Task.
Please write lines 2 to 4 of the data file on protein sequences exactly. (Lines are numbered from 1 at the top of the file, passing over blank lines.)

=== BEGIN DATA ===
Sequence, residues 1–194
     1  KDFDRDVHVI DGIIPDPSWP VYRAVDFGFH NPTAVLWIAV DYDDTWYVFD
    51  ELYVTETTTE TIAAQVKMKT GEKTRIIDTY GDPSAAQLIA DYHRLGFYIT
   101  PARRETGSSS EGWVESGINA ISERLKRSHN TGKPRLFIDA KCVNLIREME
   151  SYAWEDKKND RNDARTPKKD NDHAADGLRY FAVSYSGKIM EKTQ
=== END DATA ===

     1  KDFDRDVHVI DGIIPDPSWP VYRAVDFGFH NPTAVLWIAV DYDDTWYVFD
    51  ELYVTETTTE TIAAQVKMKT GEKTRIIDTY GDPSAAQLIA DYHRLGFYIT
   101  PARRETGSSS EGWVESGINA ISERLKRSHN TGKPRLFIDA KCVNLIREME